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October 26, 2014

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GSG9 (Grenzschutzgruppe 9)

The Grenzschutzgruppe 9 (known by its colloquial, GSG 9) is Germany’s premier counterterrorism force. It specializes in hostage rescue, particularly in aviation terrorism. Originally, GSG 9 contained only 175 – 200 members at any time. Today, the group has expanded but it remains a focused unit dedicated to reducing the domestic and international terrorist threat to Germany. The group has separated into three conjoined but distinct departments to address various areas of specialty. These operatives are trained to perform naval (GSG 9/1), aerial (GSG 9/2), and terrain (GSG9/3) response missions and to address scenarios ranging from hostage rescue to assassination to bomb threats. Though GSG 9 is small, it is extremely effective and maintains top-notch departments to expertly stabilize each of the aforementioned scenarios. Its operatives also undergo extensive training in parachuting, munitions, hand-to-hand combat, and improvised explosive disarmament. GSG 9 has been recognized on multiple occasions as one of the most successful and effective counterterrorism group in the world.

Group History:

GSG9 grew out of the failed German response to the Black September attack at the 1972 Munich Olympics. German security forces were weak and mismanaged; unfortunately they severely bungled the hostage rescue attempt. All of the hostages were killed before German police could clear the plane where terrorists were seeking refuge. The Palestinian terrorist attack awakened Germany to the growing threat of terrorist violence. 6 months after the bloody ordeal in Munich, the German government officially commission GSG9 as the official counterterrorism response unit of the German government. Notably, GSG9 was placed under the direct control of Germany’s border protection services, not the official military branch.

GSG 9 directed most of its efforts toward thwarting the notorious Red Army Faction, a home-grown German terrorist group. One notable exception to their domestic focus is the GSG 9’s exceptional tactical success in Mogadishu when they rescued 90 hostages on a hijacked flight from (en route from Lufthansa to Majorea). GSG 9 has eliminated countless threats to German civilians since 1973 and has completed many operations with such speed and precision that virtually no shots were fired. Currently, the GSG 9 still functions as an appendage of the German border security forces, though its mission is distinct and its legacy strong.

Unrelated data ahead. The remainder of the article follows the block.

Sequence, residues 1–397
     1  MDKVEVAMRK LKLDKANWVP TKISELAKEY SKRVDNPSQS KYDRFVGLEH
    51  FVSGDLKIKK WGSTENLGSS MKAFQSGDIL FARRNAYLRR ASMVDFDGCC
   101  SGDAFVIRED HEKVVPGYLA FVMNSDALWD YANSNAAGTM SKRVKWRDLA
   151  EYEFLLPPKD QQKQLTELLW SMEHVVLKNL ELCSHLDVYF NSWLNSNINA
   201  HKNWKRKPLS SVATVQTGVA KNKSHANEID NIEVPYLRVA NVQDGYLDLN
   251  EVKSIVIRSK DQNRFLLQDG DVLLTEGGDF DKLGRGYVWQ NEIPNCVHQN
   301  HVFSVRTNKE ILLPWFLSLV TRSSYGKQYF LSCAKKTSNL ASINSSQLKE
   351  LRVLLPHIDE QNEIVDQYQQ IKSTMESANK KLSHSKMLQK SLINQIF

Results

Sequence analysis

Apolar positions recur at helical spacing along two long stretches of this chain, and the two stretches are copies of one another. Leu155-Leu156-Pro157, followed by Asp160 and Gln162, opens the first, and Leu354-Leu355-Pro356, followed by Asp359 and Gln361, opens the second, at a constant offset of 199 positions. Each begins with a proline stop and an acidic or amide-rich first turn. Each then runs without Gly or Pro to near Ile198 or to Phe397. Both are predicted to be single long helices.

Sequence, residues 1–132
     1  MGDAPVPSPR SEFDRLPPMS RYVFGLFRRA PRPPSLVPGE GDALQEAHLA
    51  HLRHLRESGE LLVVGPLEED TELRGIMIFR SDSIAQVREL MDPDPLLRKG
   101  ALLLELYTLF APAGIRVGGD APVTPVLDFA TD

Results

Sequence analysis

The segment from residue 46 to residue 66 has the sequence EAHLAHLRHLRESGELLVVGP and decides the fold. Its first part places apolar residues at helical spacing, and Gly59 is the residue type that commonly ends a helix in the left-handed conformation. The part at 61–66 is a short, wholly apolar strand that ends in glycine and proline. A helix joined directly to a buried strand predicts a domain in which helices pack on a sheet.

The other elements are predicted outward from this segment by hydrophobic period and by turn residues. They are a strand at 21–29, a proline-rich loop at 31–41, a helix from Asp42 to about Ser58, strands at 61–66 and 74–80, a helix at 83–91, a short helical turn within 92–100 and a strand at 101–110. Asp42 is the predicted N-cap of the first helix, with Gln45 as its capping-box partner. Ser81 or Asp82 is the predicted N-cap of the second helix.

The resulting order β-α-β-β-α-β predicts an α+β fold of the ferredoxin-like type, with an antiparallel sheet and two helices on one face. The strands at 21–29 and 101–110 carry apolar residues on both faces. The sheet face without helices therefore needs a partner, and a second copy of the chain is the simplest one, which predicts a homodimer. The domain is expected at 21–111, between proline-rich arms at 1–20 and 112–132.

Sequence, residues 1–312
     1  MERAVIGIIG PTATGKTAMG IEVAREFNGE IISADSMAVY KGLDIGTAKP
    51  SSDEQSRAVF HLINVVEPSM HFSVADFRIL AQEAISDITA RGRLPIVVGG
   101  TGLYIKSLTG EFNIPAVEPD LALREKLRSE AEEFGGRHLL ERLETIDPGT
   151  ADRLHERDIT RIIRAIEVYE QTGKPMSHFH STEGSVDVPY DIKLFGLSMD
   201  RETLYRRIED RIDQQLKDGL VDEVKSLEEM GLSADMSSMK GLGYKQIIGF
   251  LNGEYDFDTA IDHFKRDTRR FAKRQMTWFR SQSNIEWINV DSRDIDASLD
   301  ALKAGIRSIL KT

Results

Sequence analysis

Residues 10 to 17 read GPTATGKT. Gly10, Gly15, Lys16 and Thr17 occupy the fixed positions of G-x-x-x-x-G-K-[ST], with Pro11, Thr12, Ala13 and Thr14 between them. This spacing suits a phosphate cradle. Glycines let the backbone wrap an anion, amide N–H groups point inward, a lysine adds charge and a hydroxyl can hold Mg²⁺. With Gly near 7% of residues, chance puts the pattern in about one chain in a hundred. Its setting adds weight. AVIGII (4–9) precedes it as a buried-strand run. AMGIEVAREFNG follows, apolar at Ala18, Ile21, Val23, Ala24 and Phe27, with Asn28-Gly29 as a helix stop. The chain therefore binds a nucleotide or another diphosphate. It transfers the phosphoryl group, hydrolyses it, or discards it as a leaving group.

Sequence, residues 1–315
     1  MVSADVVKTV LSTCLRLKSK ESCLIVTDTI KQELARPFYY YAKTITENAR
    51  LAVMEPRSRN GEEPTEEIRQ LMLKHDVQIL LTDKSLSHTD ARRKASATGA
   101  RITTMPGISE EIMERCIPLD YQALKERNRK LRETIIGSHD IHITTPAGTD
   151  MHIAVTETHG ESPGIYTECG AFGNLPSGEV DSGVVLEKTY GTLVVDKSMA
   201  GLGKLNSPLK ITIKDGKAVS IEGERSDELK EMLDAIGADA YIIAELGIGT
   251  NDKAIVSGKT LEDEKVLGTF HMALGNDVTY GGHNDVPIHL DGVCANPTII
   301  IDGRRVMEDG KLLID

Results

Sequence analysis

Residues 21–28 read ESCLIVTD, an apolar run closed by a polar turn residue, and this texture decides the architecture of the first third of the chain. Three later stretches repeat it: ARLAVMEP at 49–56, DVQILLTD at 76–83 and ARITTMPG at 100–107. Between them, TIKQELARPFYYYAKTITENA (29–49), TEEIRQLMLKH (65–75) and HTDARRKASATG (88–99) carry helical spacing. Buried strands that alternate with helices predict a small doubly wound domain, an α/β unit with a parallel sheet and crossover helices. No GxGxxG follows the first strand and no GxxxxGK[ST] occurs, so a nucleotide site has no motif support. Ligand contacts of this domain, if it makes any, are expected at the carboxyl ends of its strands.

Important missions/events:

One of the GSG 9’s most successful and publicized successes occurred on October 18 th, 1977. On October 13th, 1977, Palestinian terrorists hijacked an international flight and demanded the release of notable terrorist leaders in exchange for the 90 hostages on board. The terrorists landed the plane in Mogadishu, Somalia and toyed with the negotiators for a short time. Five days later, at 2 A.M., the GSG 9 made it into the plane undetected and killed or captured all four terrorists in less than ten minutes. GSG achieved a similar success in 1993 when they rescued nine hostages and captured the hijacker on a KLM flight without discharging a single round.

Current action/important events or cases

GSG 9 recently worked with the German Federal Office of Criminal Investigation to bring down an Al-Qaead plot. The Al-Qaeda operatives, known as the “Dusseldorf Cell”, were targeting public transportation in a major German city. Using a trojan horse, counterterrorism specialists were able to read communication between the plotters. Investigators discovered that the cell was attempting to contact notorious terrorist leader Anwar Al-Awlaki in an effort to gain funds and weapons. Three of the four plotters were apprehended by April 2011. Officials speculate that the attack was planned for late December 2011 or January 2012. In December 2011, GSG 9 forces arrested the final cell member in his home while he was chatting online.

External Resources:

http://www.cicentre.com/?DUSSELDORF_CELL

http://www.princeton.edu/~achaney/tmve/wiki100k/docs/GSG_9.html